Finding new home makes for difficult transition

Martina Pansze

Hang on for a minute...we're trying to find some more stories you might like.


Email This Story






Most students in higher education would consider it a nightmare to relive the college application process, but some brave souls managed to once again navigate the mess of school tours and Common Application essays that landed them at Whitman.

Junior Alexandra Sigouin transferred to Whitman from Emily Carr University in Vancouver, British Columbia, Canada. She decided to make the switch when she realized that she wanted more responsibility and independence during her college experience.

“In Vancouver I was living at home, so it almost felt like I was living high school again,” said Sigouin. “I really wanted to come to a college that had a campus and had more of a college life. I was also looking for a school with a Division III tennis team.”

For Sigouin and many fellow transfers, the transition from one school to the next can be rocky.

“When you’re transferring, even though you have experience with school and have done college before, you’re still getting used to a new setting,” she said. “Even though you’re older, everything is still completely new. You’re still essentially a new student.”

Sophomore Elizabeth Thomson, who transferred from Elon University in North Carolina, agrees.

“I don’t think people realize that it’s a huge deal to decide to transfer from another school,” she said.

Sigouin found that her tennis team and community at Whitman have been a great support system during her move.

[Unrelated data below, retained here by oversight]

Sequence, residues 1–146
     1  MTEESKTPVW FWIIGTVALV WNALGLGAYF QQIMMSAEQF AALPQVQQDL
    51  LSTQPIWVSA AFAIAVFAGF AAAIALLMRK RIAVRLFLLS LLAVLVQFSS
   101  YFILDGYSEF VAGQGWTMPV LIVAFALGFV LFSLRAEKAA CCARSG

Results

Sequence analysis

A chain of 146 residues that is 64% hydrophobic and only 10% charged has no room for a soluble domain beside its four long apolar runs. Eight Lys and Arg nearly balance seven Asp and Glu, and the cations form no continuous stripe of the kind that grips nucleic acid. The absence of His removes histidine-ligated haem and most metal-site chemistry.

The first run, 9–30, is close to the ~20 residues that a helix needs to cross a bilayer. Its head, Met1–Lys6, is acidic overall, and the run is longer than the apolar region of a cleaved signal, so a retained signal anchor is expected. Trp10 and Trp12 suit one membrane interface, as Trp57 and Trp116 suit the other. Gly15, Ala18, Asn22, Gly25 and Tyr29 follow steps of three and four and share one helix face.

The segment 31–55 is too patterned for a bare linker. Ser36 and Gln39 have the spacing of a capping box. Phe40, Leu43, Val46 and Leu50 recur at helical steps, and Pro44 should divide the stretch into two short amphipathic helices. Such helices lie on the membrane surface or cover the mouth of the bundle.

“My biggest problem with transferring is feeling homesick, missing home and friends. But it’s getting better as I’m getting more familiar with life here,” said Sigouin.

Sophomore Garrett Atkinson, however, who was recruited as a pitcher for Whitman’s baseball team from University of Dayton in Ohio, had very little transitional turbulence at all.

“In some ways it’s easier to come in as a sophomore because you’re already familiar with the college process. Although it’s not completely the same, you feel more comfortable,” said Atkinson.

Atkinson partly attributes his successful move to Whitman’s transfer program.

“Honestly its been a really smooth transition … They do a really remarkable job organizing events to establish community within the transfer group,” he said.

Whitman places transfer students in the same Encounters class and has transfer-only orientation events so they can get to know each other.

“It’s great to have encounters with a group of people who share an experience and are going through the same thing,” said Thomson.

Atkinson has also found that the students here are a lot more intellectually and culturally driven, which he can relate to.

“Everybody has a deep appreciation for food and international cuisine,” he said. “I felt out of the loop but it’s really cool.”

Thomson agrees that Whitman students are different from those at her previous school. She decided to transfer because the student body at Elon didn’t encourage the kind of learning she wanted to get out of her college experience.

“I like the passion students have for the outdoors and how huge of a part of Whitman that is,” she said.

Even with a smooth transition, however, most transfers agree that applying to college for a second time can be a miserable process.

“You basically have to go through senior year again, but while taking college courses,” said Thomson.

Though the process of transferring can be trying, students agree the result is worth it.

“It’s a big decision, but when you’re someplace where you aren’t happy, finding it inside yourself to know there is somewhere else where you could be having a better experience is so hard and so important,” said Thomson.

Print Friendly, PDF & Email